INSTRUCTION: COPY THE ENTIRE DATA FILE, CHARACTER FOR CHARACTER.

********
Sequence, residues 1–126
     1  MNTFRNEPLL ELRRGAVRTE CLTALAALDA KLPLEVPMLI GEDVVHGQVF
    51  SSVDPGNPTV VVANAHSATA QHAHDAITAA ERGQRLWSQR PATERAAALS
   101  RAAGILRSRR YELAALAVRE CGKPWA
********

Sequence, residues 1–126
     1  MNTFRNEPLL ELRRGAVRTE CLTALAALDA KLPLEVPMLI GEDVVHGQVF
    51  SSVDPGNPTV VVANAHSATA QHAHDAITAA ERGQRLWSQR PATERAAALS
   101  RAAGILRSRR YELAALAVRE CGKPWA